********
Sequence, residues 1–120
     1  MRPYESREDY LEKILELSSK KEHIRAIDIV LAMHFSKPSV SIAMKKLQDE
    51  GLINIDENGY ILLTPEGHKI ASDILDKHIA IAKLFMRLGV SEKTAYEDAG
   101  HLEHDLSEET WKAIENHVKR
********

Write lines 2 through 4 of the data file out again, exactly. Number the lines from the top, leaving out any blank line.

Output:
     1  MRPYESREDY LEKILELSSK KEHIRAIDIV LAMHFSKPSV SIAMKKLQDE
    51  GLINIDENGY ILLTPEGHKI ASDILDKHIA IAKLFMRLGV SEKTAYEDAG
   101  HLEHDLSEET WKAIENHVKR